"This outing is one of the most rewarding short hikes in Death Valley National Park. It features an exciting walk into a precipitous canyon that leads to a rare natural bridge, an arch of stone that spans the narrow canyon. The short hike to Natural Bridge visits a rare rock span that arcs across the narrow, shady defile of lower Natural Bridge Canyon, one of myriad precipitous gorges on the west face of the Black Mountains in the southeast reaches of Death Valley National Park. The brief stroll to the bridge is an excellent leg stretcher for families touring the park, and hikers with extra energy are urged to hike as far as the impassable dry fall 1.0 mile from the trailhead."

Natural Bridge Trail Reviews

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12/26/2010
This is more of a walk than a hike. Narrow canyon that squeezes down, easy walking as this is a popular site, the trail is actually a graded road. The bridge is made of what appears to be hardened mud, not like what you see in Utah Arches NP or other parts of the country. Popular attraction, lots of tourists.
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3/17/2010
A nice simple hike with a lovely natural bridge along the way.
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1/1/2009
Very easy hike for all. The trail is a wash through a narrow canyon with some loose sandy spots. The natural bridge is impressive but continuing the hike further back to the dry falls is well worth it. Interesting sheer cliffs and evidence of past water falls provide beautiful scenery along the way through the canyon. This is short enough in distance and time that provisions normally taken on a hike can be left behind if desired.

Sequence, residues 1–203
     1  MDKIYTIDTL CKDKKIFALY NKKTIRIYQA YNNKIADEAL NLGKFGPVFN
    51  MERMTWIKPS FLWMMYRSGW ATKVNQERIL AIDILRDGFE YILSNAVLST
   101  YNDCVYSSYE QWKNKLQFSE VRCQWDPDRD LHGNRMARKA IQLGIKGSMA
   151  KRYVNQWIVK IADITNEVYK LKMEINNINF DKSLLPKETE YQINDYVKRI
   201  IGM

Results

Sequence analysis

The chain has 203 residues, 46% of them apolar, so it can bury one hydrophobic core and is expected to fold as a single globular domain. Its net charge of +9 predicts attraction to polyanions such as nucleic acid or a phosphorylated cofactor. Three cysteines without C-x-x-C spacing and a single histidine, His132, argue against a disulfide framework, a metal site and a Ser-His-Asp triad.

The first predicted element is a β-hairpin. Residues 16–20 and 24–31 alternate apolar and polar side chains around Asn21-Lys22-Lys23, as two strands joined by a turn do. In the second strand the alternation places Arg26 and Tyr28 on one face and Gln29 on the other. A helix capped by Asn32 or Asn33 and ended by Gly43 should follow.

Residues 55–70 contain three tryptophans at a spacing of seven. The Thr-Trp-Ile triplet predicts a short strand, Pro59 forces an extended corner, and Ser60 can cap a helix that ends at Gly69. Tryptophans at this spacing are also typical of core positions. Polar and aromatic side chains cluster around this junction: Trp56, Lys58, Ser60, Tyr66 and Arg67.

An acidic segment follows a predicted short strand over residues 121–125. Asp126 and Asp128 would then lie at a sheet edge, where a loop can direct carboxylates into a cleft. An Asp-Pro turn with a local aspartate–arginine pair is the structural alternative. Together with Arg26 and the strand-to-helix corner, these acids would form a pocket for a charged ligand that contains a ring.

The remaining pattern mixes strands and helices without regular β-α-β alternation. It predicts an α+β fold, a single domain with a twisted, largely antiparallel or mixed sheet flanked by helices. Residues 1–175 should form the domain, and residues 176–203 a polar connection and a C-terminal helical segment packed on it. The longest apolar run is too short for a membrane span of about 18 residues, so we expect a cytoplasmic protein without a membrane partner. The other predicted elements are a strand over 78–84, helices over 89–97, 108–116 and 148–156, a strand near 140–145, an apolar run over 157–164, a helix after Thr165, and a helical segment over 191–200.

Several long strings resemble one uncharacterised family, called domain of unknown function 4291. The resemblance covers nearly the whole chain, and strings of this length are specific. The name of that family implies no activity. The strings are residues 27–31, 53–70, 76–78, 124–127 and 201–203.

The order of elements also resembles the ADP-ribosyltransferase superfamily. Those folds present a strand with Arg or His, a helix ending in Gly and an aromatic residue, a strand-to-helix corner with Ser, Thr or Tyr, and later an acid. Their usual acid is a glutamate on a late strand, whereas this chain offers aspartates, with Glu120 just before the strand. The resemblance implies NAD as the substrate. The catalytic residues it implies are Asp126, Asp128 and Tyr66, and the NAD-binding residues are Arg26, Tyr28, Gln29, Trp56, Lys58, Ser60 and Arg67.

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7/19/2008
My partner and I did this trail around noon, which is the hottest time to do anything, and we had a blast. The view of the bridge is perfect with the walls of the canyon closing in on you. It has a steady climb that would be no problem under ideal conditions, but with the heat and lack of air movement made it a difficult hike. We suggest you bring double the water on this trek to be safe. On the way down you can see for miles and it is breathtakingly beautiful.
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11/17/2000
This is a very simple hike to an enormous Natural Bridge that makes for great picture taking especially if you have someone stand under the bridge to accentuate its size. This hike travels up a deep flood channel that formed the bridge. If you travel past the bridge you can see beautiful basalt walls formed by the rushing water. I wouldn't want to hike this canyon under threatening skys.
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9/6/2000
Don't hike it in the middle of the day in the summer. The hike is very short (0.5 mile one-way) but the terrain lies 190 feet below sea level, which makes it rather difficult. However, it is the shortest and still probably easiest hike in the whole valley that get's you inside the walls and canyons of this magnificant place.
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Natural Bridge Trail Photos

Trail Information

Death Valley National Park
Nearby City
Death Valley National Park
Parks
Furnace Creek Visitor Center; (760) 786-3200; www.nps.gov/deva
Local Contacts
NPS Death Valley Visitors Map; Trails Illustrated Death Valley National Park Map; USGS Devils Golf Course-CA
Local Maps

Activity Feed

Jul 2018